What a Difference a Week Makes – Tracking the Effects of Coronavirus (COVID-19)

A study conducted by Sales Factory during the early months of the COVID-19 pandemic demonstrates just how quickly consumer attitudes and sentiment can change.  In just one week, the level of concern over coronavirus increased substantially, which greatly impacted how consumers shopped and spent over the remainder of the year. Sales Factory fielded a national benchmark survey on March 6, 2020, with a follow-up wave fielded on March 13. Nearly 1,600 consumers participated in the surveys.

“In just one week, the huge swings – both down and up – in the stock market, the implementation of international travel bans, the postponement or cancellation of major sporting events and leagues, and the declaration of a national state of emergency all came together to significantly change consumers’ attitudes toward the disease and the economy,” said Ged King, chief executive officer for Sales Factory. “We’re seeing positive changes in the acceptance of social distancing. We are also seeing an increase in people that might delay a major purchase, but still expect to complete them in the next 12 months. The bright spot is e-commerce. Barring distribution challenges, it is an opportunity for brands to help consumers.”

Highlights of the report include the following:  

  • The level of concern over coronavirus increased sharply as more people reported that they had been impacted by the virus.
  • When coronavirus dominated the news, there was a 25% increase in familiarity (from 64% to 80%) over the course of a week. The increased familiarity with the virus appeared to fuel concerns about its impact.
  • The percent of people who reported being impacted by coronavirus more than doubled between surveys, with 37% reporting that they have been impacted compared to 16% the previous week. 
  • In the first survey week, 49% were concerned about the coronavirus impacting their life in the coming year. This figure rose to 63% in just one week.
  • 43% believe their household income will be negatively impacted by coronavirus, compared to 26% the previous week – an increase of 70%.

COVID-19 delayed purchases. 

Coronavirus also disrupted consumers’ willingness to make major purchases, which had ramifications at retail. The events that unfolded tempered consumers’ willingness to commit to major expenses during this time period, demonstrated by a substantial decrease in the number of consumers who said they planned to proceed with major home and auto purchases that year.

  • Among those planning to buy a new home in 2020, 41% said they would proceed as planned – down from 67% in the benchmark survey.  This decrease was led by Millennials, whose intent to proceed with a new home purchase as planned declined to 35% from 73%.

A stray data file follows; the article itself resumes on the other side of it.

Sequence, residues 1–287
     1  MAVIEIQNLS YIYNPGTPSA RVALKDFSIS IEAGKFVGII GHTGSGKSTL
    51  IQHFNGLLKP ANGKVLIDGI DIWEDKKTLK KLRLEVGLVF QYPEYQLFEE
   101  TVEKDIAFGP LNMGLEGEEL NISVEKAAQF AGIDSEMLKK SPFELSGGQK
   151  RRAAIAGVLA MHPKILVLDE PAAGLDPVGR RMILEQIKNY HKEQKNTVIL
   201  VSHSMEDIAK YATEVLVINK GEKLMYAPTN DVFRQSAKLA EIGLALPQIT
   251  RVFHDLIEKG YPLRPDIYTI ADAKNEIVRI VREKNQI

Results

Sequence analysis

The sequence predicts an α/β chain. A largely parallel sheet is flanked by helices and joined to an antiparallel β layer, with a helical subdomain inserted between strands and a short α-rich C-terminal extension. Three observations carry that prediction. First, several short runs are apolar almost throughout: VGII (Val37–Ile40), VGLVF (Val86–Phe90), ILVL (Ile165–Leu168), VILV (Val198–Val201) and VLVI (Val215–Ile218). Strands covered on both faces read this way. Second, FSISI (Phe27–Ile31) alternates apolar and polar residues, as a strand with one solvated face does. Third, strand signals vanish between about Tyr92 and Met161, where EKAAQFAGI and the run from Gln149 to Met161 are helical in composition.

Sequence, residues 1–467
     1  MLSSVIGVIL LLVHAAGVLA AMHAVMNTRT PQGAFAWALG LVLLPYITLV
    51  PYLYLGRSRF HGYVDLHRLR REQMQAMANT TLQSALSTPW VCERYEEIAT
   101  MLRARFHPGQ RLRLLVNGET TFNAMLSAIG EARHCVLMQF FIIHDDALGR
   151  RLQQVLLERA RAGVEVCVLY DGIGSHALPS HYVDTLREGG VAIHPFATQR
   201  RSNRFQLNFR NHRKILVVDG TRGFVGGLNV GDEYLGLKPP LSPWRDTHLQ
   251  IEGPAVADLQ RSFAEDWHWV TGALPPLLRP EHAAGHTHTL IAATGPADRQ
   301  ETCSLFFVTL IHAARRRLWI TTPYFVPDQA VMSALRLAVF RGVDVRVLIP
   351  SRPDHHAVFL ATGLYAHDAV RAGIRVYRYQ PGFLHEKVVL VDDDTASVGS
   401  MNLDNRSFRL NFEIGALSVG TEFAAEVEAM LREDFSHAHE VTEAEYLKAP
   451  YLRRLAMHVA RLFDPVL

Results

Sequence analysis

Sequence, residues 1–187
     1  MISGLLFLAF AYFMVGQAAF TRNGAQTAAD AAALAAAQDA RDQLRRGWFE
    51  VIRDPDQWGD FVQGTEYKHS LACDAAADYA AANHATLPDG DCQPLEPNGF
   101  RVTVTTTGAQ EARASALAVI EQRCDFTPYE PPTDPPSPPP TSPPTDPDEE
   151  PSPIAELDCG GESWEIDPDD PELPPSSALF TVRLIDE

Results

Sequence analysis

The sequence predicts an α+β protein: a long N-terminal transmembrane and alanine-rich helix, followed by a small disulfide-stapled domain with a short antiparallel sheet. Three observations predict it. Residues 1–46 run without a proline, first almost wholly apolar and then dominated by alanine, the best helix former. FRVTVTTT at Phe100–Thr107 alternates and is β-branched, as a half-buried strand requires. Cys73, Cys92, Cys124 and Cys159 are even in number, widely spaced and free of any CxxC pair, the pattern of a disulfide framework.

• Planned spending on major home improvement purchases decreased to 35% from 49%, with boomers declining to 22% from 54%.
  • New home furnishings purchases decreased to 35% from 51%, with the steepest decline coming from Gen Xers, which decreased to 36% from 61%.
  • Among those who planned to buy a car in 2020, 36% reported they would likely proceed as planned, down from 49% in the initial survey. Boomers again led the decline, dropping to 23% from 55% from one week to the next.

Amazon-Ecommerce-Manager-Sales-Factory-Orange (2)

Coronavirus fueled online shopping.

As additional retailers announced store closures of two weeks or more in March of 2020, consumers grew more concerned about their ability to get the basic household items that would carry them through a protracted quarantine.  As a result, more consumers turned to online shopping to meet their needs.

  • 58% were concerned about the potential availability of basic household items (e.g., food, water, paper products, personal hygiene products) resulting from coronavirus, up from 41% from the previous survey week. 
  • 56% of consumers said they would shop online more because of coronavirus, up from 47% from one week to the next – an increase of 20%.

Online Shopping - SF Brand Image - Bright Green-1

Consumers were concerned about outbreaks.

Consumers believed an outbreak was coming, but didn’t believe employers would be ready for it.

The study found that 71% of consumers were confident that taking extra steps to protect themselves (e.g., avoiding crowds, washing hands more frequently) would minimize the likelihood that they would get coronavirus. This figure was an improvement from the 64% reported in the previous week. While confident in their own ability to protect themselves, there were concerns about the population at large.

  • 60% of consumers believed it was likely that there would be a major outbreak of coronavirus in the U.S., up from the 50% reported in the previous week.
  • However, only 37% said that their employer had a plan for a coronavirus outbreak, compared to 25% reported in the previous week.

Download the Report